A crane operator often needs a second set of eyes—a signal person—to be able to operate safely. The sections below state when a signal person must be provided and the types of signals that are allowed. The qualifications the signal person must possess are specified in section 1428 (Signal person qualifications).
A signal person must be provided:
During operations requiring signals, the ability to transmit signals between the operator and signal person must be maintained. If that ability is interrupted at any time, the operator must safely stop operations until signal transmission is reestablished and a proper signal is given and understood.
Only one person may give signals to a crane/derrick at a time, though any person may give an emergency stop signal.
Hand, voice, audible, or new signals are allowed. The type of signals used and means of transmitting the signals to the operator (such as direct line of sight, video, radio, etc.), must be appropriate for the site conditions. All directions given to the operator by the signal person must be given from the operator's perspective.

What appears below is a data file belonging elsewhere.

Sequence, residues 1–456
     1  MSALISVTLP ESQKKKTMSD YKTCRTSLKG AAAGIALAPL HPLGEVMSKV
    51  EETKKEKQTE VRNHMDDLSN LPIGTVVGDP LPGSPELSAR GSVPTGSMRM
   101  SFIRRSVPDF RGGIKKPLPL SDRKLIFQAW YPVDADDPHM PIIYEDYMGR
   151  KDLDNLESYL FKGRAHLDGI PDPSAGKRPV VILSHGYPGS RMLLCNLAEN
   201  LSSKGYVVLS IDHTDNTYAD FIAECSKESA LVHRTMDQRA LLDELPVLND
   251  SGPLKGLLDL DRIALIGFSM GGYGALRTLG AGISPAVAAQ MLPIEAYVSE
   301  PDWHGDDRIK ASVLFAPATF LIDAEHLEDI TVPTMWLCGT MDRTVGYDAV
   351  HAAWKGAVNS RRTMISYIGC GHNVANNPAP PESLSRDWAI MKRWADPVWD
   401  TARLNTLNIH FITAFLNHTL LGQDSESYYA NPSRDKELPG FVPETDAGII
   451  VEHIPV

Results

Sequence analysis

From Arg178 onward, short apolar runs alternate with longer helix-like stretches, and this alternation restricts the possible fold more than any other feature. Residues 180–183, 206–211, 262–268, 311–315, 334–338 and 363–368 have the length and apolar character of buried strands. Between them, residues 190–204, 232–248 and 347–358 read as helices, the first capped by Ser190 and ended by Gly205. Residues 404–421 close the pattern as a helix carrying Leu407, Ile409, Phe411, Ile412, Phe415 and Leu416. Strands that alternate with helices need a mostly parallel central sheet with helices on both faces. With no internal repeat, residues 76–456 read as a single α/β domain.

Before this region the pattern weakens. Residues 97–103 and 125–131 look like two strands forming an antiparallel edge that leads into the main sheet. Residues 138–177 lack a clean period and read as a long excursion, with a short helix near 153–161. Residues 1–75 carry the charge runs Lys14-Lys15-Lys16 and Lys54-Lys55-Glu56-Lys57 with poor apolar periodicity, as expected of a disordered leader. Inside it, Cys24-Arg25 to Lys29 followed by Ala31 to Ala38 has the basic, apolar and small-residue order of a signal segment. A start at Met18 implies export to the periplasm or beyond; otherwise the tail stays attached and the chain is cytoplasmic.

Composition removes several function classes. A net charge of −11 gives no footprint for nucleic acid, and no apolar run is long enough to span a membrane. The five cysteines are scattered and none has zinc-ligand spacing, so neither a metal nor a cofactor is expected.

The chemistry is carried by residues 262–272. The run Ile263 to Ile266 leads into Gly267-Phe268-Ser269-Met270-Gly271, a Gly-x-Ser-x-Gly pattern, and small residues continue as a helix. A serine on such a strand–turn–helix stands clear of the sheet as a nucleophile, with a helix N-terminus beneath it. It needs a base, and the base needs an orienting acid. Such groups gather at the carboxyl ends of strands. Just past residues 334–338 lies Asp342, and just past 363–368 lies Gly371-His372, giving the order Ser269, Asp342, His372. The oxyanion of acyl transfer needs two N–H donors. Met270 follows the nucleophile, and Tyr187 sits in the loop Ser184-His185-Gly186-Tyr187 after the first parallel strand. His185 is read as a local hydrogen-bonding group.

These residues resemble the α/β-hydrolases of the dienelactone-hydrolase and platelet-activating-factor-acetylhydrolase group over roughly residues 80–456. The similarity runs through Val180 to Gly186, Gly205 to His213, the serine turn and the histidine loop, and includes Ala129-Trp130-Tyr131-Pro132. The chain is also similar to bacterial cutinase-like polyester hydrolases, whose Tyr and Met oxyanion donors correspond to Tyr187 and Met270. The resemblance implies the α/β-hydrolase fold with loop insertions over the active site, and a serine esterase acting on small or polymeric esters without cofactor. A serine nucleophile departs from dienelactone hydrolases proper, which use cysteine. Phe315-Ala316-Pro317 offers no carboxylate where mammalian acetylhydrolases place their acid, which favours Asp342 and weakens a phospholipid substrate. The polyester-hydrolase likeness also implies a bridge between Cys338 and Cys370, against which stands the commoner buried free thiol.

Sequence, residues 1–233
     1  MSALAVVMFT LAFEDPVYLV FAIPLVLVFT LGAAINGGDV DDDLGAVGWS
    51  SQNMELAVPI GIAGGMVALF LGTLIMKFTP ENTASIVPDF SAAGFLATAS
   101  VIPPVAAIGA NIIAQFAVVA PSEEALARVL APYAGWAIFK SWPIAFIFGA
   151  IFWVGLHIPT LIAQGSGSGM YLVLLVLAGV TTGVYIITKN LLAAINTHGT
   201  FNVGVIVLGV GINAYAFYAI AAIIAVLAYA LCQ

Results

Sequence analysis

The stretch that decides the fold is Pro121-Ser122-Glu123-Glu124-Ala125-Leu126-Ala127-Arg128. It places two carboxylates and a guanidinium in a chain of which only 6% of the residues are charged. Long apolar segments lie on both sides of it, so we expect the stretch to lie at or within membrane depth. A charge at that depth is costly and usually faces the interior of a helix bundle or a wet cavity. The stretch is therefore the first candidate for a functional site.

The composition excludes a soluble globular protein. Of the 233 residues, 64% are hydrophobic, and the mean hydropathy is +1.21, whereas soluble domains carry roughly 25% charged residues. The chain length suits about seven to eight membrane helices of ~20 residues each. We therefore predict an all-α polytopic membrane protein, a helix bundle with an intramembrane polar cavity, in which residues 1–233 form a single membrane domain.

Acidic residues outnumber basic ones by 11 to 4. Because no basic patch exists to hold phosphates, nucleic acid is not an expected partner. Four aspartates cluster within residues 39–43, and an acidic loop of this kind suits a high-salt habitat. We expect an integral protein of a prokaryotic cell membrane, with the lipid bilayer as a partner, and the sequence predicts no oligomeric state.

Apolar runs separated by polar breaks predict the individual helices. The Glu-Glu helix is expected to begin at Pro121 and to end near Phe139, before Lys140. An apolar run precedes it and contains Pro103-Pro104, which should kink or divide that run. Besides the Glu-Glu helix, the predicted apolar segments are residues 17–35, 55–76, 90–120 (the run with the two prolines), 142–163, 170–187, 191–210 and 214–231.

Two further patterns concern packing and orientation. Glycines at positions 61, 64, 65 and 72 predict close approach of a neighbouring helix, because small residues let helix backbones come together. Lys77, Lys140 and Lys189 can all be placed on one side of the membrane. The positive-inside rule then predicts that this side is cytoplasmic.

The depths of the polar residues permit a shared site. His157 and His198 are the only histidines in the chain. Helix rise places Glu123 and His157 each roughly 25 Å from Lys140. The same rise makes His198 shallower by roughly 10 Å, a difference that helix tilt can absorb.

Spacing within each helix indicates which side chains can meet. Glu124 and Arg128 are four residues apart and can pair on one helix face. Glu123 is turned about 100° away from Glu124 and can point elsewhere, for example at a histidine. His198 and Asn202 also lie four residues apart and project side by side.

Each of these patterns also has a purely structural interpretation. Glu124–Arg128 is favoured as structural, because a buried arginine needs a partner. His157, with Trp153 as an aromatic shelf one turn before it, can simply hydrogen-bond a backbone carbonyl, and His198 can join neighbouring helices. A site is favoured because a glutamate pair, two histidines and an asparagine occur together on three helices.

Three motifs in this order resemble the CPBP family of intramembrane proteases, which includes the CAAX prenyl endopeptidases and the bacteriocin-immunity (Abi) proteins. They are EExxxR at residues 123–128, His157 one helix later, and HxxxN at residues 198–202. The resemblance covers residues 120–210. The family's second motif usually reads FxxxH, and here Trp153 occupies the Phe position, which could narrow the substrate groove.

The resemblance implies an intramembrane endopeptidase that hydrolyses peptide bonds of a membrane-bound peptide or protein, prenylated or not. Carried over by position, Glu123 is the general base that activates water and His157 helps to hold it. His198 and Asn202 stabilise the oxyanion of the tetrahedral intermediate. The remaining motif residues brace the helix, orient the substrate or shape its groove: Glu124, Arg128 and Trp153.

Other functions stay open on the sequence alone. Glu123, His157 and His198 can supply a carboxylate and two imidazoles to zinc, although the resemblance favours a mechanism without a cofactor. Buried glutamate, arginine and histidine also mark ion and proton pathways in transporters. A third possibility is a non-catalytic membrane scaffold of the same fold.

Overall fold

When using hand signals, the Standard Method must be used.
Exception: Where an operation or use of an attachment is not covered in the Standard Method or the use of the Standard Method is otherwise infeasible, non-standard hand signals may be used. When using non-standard hand signals, the signal person, operator, and lift director (where there is one) must contact each other prior to the operation and agree on the non-standard hand signals that will be used.
Hand signal charts, such as the ones shown below, must be either posted on the equipment or conspicuously posted in the vicinity of the hoisting operation.
These are signals given by oral communication, with or without amplification or electronic transmission. If this type of signal is used, the operator, signal person, and lift director (if there is one) must, before beginning operations, contact each other and agree on the voice signals that will be used.
Each voice signal must contain the following three elements, given in the following order:
In most cases where voice signals are given, some type of electronic transmission and reception will be used. When this is the case: